Thursday, January 19, 2017

Akhilesh battle with dad Mulayam signals shift in socialist politics

In 2012, when Akhilesh Yadav  declined to play a 'papa's boy' and repeatedly addressed his aging father as ''Netaji (our ultimate leader),'' little did any political pundit predict that  a seemingly amiable son will humble his father in a fierce political tussle -- snatching from former UP strongman, his party and the symbol bicycle.

Just as today -- post the Election Commission verdict, giving his faction the recognition of being the genuine Samajwadi Party has set the tone for key contests in UP -- many say they could see the changes coming in the party affairs as more than fighting his father Mulayam Singh Yadav-Akhilesh was more keen to reform SP from its traditional Hindi-heartland socialistic values.

In this context, says former Samajwadi MP Shailendra Kumar -- "behind a soft exterior, Akhilesh is a tough mettle  and in between 2009 and 2012 -- as the president of UP unit of Samajwadi -- he had implemented several key decisions". 
Brushing aside the senior Yadav's moves, Akhilesh had opposed induction of Western UP strongman and history-sheeter DP Yadav, forced the 'Netaji' (his father) to remove veteran Mohan Singh as the spokesman for backing DP Yadav's entry.
 In fact, as the UP unit president of the party, showing firmness during his battle for 2012, Akhilesh  gave unto himself the larger say in the running of the party, selecting candidates and also drawing the campaign graph
He also had forced the party – still drunk with old socialistic stance – to shed the past prejudices and led Samajwadi turn 'modern' and pledged English education and computerisation and announced distribution of laptops and computers in the 2012 election manifesto.
  Akhilesh camp says, with the look of a next door youth and quite an infectious smile, Akhilesh Yadav started representing a paradigm shift in North India’s politics, which for long rested on caste, religion and also violence.

  His best trump card thus and not without good reason -- and that distinguished him from his rival-uncle Shivpal Yadav -- has been humility -- but ear-on-ground approach.
  Perhaps this difference in style and substance distanced Lucknow's 'neo-Chhote Nawab' from his father at least in political realism and endeared himself to his other uncle and new find mentor Ram Gopal Yadav. Thus, party sources say while defeat in a legal battle before the Election Commission was an humiliation and embarrassment for Mulayam, the long-run family feud also has ensured emergence of a new crafty socialist in the form of Ram Gopal Yadav, in the corridors of power.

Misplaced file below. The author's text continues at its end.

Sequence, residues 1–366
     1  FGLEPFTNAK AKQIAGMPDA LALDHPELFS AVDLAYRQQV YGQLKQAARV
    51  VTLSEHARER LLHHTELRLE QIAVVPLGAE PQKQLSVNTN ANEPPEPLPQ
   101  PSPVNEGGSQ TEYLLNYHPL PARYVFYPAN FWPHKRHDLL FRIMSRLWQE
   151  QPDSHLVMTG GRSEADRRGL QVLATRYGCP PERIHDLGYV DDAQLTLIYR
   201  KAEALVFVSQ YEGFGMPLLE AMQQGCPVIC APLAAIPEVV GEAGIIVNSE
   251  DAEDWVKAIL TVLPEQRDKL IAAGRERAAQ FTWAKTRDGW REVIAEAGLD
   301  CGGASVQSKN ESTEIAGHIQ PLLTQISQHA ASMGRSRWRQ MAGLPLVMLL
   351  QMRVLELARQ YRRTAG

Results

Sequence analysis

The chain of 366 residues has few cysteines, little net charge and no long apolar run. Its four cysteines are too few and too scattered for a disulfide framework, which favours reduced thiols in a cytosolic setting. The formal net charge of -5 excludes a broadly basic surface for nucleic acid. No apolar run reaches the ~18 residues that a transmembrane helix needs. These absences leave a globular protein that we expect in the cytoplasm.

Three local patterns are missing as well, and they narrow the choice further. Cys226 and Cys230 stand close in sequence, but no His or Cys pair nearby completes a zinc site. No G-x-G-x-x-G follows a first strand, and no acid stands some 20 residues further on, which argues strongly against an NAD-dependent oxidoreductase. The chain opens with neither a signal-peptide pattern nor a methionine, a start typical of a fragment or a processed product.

Samajwadi Party watchers consider Ram Gopal Yadav as a silent player, who sticks to his own script and seldom interacts with the media. "The Rajya Sabha MP (Ram Gopal) once readily played second fiddle to Mulayam's confidant Amar Singh, but he has been always firm about his own views and when time came, he teamed up with veteran socialists Mohan Singh and Rewati Raman Singh to oust Amar Singh," says a CPI leader.

 Meanwhile, those who know Samajwadi Party supremo Mulayam Singh Yadav say in the changed scenario a hardcore political entity that he is, former UP Chief Minister and an ex-Defence Minister may still try to fight out.
 In the past, Mulayam has played a number of key political games, wrestling his position well. Mulayam's associate and a senior Janata Dal (U) leader pointed out: "In 1999, Mulayam stunned non-BJP forces when he virtually single-handedly stalled Sonia Gandhi's march to the PMO, when he categorically declined to support a Congress-led Government after Jayalalitha withdrew support to the Vajpayee Government". 

Again in 2002, he was instrumental in ensuring APJ Abdul Kalam's election as the President, when he was reported to have stuck a deal with the BJP.
  In 2008 again, Mulayam had chipped in to bail out Dr Manmohan Singh regime, when the Left parties had withdrawn support to UPA-I, over the Indo-US Nuclear deal.

SP sources said refusing to be dubbed as a simple beneficiary of 'dynastic hierarchy' as his father’s son – Akhilesh Yadav -- who had done Masters in Environmental Engineering from Sydney University, had brought in a new rhythm in the socialistic polity.
  In fact, they say unlike several other socialist politicians UP and Bihar, Akhilesh tried to stay away from segmented appeal of the likes of Ram Vilas Paswan or the bravado of Lalu Prasad Yadav.
  In 2012, even a political rival Arun Jaitley of BJP has on record appreciated Akhilesh's sober and  sensible approach, in contrast to Congress chief campaigner Rahul Gandhi’s symbolic gestures of tearing off the manifesto of rival parties.
  Now, SP Spokesperson Juhi Singh says the new changes would definitely bring in political dividends to Akhilesh and the proposed Samajwadi-Congress alliance.

The rival BJP may not agree on the face value, but a sitting BJP MP from the state says, "Akhilesh has probably tried to counter anti-incumbency factor. The final outcome is yet to be seen".  But, the BJP leader also sums up the paradox, saying Mulayam Singh may be upset politically -- but none should be happier than a proud father, as he sees his prodigy bring in new shift in the politics of the cow-belt, ultimately making a significant bit to try checkmate the BJP's return to power in the country's most populous state.


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